[Answered] What are the key regulatory challenges in managing the proliferation of unapproved and potentially harmful FDC drugs in the Indian market?

Introduction: What is FDC?

Body: Key challenges in managing harmful FDC drugs in India

Conclusion: Way forward

Fixed-dose combination (FDC) refers to a pharmaceutical formulation that contains two or more active ingredients combined in a fixed ratio of doses within a single dosage form, such as a tablet or capsule. A recent study in the Journal of Pharmaceutical Policy and Practice documents that in the year 2020, 60.5% of FDCs of antibiotics were unapproved and another 9.9% were being sold despite being banned in the country.

Key regulatory challenges

  • Compromises Drug Effectiveness: The combination of active or inactive ingredients in Fixed-Dose Combinations (FDCs) can interact, diminishing the therapeutic effectiveness of drugs or leading to the formation of toxic metabolites.
  • Legal Liability Avoidance Tool: FDCs fall outside the purview of the Drugs (Prices Control) Order (DPCO), providing a means for manufacturers to avoid government-regulated pricing of individual drugs and potential legal liabilities.
  • Production of Unjustified Combinations: Many FDCs lack a sound medical basis, featuring combinations such as anti-inflammatory drugs with vitamins or vitamins with analgesics.
  • Absence of Quality Standards: Regulatory bodies have not established standardized testing protocols for the quality of these drugs, making it challenging to hold manufacturers accountable for substandard FDCs.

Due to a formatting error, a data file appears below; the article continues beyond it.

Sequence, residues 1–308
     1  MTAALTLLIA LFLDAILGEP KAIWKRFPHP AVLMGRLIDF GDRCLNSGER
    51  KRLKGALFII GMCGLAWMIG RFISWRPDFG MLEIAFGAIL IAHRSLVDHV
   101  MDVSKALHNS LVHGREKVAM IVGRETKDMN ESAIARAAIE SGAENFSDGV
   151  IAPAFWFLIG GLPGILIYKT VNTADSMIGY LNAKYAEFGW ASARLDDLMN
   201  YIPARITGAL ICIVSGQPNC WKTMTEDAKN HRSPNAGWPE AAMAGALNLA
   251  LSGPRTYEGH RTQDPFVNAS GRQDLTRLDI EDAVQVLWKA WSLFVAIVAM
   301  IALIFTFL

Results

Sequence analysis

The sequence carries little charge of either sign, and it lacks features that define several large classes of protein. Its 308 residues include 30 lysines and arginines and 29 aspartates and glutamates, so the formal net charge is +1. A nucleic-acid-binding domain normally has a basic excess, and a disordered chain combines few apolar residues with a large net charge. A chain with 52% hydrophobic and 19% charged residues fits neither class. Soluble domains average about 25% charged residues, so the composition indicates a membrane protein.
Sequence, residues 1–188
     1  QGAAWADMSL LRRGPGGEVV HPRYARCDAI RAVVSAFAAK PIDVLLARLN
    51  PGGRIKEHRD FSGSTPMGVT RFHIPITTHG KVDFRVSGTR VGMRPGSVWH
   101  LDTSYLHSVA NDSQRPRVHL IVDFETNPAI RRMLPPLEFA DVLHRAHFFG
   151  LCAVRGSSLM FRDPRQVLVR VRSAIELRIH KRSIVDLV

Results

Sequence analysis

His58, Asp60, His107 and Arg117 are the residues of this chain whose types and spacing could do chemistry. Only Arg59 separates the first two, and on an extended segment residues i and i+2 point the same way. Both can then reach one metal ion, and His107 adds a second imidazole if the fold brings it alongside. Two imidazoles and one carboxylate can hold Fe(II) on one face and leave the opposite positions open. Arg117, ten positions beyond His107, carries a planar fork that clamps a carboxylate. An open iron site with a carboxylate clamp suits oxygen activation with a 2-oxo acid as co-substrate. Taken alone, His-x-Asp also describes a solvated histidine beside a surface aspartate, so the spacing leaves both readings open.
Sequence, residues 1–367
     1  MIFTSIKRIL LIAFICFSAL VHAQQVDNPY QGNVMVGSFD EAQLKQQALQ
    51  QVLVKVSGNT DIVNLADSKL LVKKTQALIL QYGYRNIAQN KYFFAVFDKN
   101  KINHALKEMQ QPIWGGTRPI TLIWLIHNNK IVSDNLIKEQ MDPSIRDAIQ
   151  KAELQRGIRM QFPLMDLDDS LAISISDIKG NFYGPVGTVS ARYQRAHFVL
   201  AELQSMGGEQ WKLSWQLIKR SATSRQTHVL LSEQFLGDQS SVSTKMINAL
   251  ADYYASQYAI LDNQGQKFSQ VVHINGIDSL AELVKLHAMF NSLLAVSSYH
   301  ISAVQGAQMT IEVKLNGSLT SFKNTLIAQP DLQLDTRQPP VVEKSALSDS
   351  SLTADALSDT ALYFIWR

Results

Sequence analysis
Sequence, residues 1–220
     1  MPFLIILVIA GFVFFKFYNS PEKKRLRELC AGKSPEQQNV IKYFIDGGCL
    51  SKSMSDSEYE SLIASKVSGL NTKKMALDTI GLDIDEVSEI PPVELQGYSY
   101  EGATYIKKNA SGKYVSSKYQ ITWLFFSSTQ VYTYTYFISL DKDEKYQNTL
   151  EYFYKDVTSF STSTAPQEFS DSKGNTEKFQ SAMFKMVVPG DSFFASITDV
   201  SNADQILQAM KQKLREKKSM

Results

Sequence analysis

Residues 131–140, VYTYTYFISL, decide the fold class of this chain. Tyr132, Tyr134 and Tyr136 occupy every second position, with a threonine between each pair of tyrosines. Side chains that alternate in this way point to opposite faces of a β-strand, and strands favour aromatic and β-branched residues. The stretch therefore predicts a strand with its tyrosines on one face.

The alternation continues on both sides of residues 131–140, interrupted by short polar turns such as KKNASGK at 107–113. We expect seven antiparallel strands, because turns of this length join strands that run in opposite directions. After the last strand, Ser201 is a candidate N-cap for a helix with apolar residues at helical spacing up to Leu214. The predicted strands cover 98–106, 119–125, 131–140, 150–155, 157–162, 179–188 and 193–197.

• Increased Drug Costs: Manufacturers may market a new FDC as a unique product addressing specific needs, allowing them to charge higher prices until competitors introduce similar products, leading to a subsequent reduction in prices.
  • Weak Implementation of Licensing Norms: State drug controllers often neglect legal provisions and issue manufacturing licenses for FDCs not approved by the Drugs Controller General of India (DCGI).
  • Legal Challenges Hampering Prohibition Orders: Ministry of Health prohibitions on specific FDCs face complex litigation and inconsistent court decisions.
  • Contribution to Anti-Microbial Resistance (AMR): The unregulated use of FDCs adds to the Anti-Microbial Resistance issue in India.
  • Regulatory Delays: Delays in the approval process and inadequate monitoring mechanisms have contributed to the proliferation of unapproved FDCs. The backlog of pending approvals and the slow pace of regulatory decisions have allowed some questionable combinations to remain in the market.


A comprehensive strategy that closes licensing norm loopholes strengthens regulatory capacity, clarifies legislative frameworks, improves post-marketing surveillance measures, and streamlines approval processes are needed to address these regulatory problems. International cooperation and coordination amongst regulatory bodies can also help to address the problem more skillfully.

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